Archived — Project Highlights
CAE Enables Pilots to Fly with their Feet on the Ground
When it comes to learning how to fly, the advantages of using a flight simulator over a real aircraft are many. In addition to enabling pilots to practice a range of manoeuvres in complete safety, using a simulator is also much more cost effective and environmentally friendly than a real aircraft.
Headquartered in Montreal, Quebec, CAE is the world's leading supplier of civil flight simulators, and is also one of the world leaders in the supply of military full-mission simulators. CAE has simulated almost every modern airliner for both major and regional carriers, as well as many of today's business jets, and has developed more prototype simulators than any other company.
In addition, CAE provides training services for pilots and maintenance technicians through a global training network of more than 115 full-flight simulators, serving approximately 3,500 airlines, aircraft operators and manufacturers.
CAE and TPC
Since 1997, Technology Partnerships Canada (TPC) has invested four times in innovative research and development at CAE. These initiatives have included: visual simulation (VISTEC), announced in 1997; commercial aircraft training (CAE Sim XXI™), announced in 2001; military aircrew training (NeTTS), in 2002; and the most recent project (Phoenix), announced in 2005, which addresses overall modelling and simulation needs in new and emerging markets. TPC's investments have helped CAE continue to meet the technological needs of its clients and remain at the forefront of the industry.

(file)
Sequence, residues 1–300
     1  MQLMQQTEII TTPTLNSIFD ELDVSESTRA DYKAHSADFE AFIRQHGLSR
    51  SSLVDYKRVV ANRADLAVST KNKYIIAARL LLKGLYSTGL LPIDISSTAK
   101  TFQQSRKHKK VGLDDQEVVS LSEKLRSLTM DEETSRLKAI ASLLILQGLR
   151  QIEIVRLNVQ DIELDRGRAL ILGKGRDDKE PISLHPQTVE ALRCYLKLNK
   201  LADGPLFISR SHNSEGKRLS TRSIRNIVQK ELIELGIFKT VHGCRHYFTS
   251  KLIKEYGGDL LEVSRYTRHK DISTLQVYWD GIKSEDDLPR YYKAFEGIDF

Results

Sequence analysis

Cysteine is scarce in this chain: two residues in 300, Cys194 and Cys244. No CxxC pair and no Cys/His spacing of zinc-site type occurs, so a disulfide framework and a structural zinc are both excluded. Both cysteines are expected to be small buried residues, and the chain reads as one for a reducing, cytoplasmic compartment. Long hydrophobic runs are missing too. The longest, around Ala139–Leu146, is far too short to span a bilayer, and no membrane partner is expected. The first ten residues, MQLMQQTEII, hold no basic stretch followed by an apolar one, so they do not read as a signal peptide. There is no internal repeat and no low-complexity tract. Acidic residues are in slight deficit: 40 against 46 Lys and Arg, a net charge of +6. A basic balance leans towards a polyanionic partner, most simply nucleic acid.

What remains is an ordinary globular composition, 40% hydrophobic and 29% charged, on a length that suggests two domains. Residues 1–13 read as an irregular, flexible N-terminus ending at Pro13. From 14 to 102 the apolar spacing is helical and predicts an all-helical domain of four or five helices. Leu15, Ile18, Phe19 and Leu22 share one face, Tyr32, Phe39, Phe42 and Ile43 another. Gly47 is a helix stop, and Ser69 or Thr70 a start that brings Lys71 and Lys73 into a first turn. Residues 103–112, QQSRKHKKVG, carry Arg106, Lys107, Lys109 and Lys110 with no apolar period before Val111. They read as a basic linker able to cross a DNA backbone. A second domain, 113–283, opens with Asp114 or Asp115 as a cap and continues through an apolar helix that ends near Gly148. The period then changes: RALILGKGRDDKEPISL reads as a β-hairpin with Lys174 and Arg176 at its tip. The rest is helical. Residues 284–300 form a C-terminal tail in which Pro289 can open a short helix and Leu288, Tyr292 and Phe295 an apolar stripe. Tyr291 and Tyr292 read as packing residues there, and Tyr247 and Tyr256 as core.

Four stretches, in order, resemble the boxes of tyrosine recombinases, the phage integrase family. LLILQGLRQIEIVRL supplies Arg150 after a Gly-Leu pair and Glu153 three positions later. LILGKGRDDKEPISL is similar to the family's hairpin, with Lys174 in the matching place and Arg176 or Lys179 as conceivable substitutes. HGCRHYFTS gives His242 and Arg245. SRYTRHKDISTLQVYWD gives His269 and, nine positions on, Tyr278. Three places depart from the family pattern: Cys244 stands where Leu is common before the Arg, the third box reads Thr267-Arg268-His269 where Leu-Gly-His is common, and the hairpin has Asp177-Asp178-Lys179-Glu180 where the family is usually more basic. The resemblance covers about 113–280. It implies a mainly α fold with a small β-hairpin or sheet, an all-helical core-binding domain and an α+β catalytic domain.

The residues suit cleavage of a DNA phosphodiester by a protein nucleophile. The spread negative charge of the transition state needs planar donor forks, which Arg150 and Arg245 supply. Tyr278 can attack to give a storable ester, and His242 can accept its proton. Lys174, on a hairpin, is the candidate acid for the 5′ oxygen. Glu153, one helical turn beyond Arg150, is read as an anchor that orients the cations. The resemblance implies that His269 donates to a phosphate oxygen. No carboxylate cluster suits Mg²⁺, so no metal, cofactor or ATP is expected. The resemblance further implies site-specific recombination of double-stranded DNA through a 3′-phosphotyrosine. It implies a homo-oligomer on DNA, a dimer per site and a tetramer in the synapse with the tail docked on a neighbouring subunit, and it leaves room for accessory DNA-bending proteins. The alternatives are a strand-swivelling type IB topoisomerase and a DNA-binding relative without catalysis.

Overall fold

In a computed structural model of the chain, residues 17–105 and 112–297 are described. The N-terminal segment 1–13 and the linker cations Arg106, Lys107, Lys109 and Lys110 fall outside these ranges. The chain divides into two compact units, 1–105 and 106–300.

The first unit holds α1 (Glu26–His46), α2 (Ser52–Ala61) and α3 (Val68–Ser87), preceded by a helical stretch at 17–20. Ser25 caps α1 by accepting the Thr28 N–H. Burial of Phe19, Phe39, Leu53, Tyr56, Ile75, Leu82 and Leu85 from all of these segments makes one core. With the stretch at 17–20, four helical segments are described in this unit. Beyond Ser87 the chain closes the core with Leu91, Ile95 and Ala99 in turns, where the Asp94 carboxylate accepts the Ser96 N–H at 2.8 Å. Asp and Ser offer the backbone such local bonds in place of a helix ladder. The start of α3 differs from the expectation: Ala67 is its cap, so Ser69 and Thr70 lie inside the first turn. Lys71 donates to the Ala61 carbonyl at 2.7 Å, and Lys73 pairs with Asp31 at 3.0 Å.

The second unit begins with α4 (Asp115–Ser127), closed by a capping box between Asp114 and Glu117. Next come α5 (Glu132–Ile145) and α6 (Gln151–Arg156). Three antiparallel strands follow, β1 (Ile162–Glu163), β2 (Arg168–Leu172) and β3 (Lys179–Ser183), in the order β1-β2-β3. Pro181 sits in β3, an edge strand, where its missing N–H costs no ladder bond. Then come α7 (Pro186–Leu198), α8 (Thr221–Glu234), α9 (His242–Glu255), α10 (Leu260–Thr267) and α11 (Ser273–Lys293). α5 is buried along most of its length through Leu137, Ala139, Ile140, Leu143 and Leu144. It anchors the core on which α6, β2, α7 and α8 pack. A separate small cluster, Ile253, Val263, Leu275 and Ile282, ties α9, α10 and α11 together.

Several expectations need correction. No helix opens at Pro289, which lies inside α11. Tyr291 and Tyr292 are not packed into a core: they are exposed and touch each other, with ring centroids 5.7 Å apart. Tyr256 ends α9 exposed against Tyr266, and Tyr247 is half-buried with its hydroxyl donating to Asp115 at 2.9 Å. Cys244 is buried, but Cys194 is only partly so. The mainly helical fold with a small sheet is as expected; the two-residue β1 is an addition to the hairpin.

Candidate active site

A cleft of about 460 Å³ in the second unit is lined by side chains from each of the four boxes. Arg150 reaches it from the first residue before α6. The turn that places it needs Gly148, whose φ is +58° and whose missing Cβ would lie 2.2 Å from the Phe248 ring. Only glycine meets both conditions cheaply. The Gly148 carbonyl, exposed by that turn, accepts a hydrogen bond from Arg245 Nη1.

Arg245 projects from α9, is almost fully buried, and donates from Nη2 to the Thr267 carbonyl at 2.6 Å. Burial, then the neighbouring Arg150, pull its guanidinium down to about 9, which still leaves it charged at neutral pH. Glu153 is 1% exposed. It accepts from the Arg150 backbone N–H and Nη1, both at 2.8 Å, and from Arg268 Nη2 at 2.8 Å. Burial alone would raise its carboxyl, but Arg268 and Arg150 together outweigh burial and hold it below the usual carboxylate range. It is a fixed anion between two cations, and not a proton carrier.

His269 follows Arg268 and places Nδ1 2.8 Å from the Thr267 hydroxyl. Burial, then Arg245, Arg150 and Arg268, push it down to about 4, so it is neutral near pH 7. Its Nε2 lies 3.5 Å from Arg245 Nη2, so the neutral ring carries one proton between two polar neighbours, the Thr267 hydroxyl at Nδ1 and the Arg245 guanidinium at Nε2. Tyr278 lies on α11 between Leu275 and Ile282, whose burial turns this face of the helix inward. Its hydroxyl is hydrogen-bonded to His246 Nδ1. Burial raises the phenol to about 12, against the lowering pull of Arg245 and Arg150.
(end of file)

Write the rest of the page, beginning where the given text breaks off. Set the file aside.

The CAE Sim XXI and NeTTS projects represent investments by TPC of $41.4 million and $39 million, respectively.
The CAE SimXXI project involved advancing the quality and effectiveness of CAE's training simulators by making use of the latest technology and design techniques. Advancements included introducing electric motion and flight controls, which improved performance and eliminated the use of environmentally unfriendly hydraulic oil; introducing modular design and assembly techniques, which reduced production costs and timelines; and introducing a modular computer architecture based on open design standards that lowered development costs for new features and technologies through the increased use of off-the-shelf components. Focused on commercial aircraft training, the project also developed technology to deliver high-fidelity pilot training over the internet, including a realistic "virtual" aircraft cockpit.
The NeTTS project, focused on R&D related to military aircrew training, enabled CAE to develop a new distributed networked architecture for military training devices. It was designed to be both highly scalable and easily integrated into full mission training simulators and part task trainers. This R&D had a major emphasis on the technologies required for combined training of multiple crews, geographically distributed, on multiple aircraft (or simulators) in realistic environments. The new technology enabled CAE to expand into the very large, complex military training systems market, with a view on mission preparation and rehearsal.
With annual revenues exceeding C$1.4 billion, CAE employs approximately 7,000 people at more than 75 sites and training locations in 20 countries. It has the largest installed base of civil and military full-flight simulators and training devices. Through its global network of 27 civil aviation and military training centres, CAE trains more than 75,000 crew members yearly.
Visit the company's website at: http://www.cae.com.
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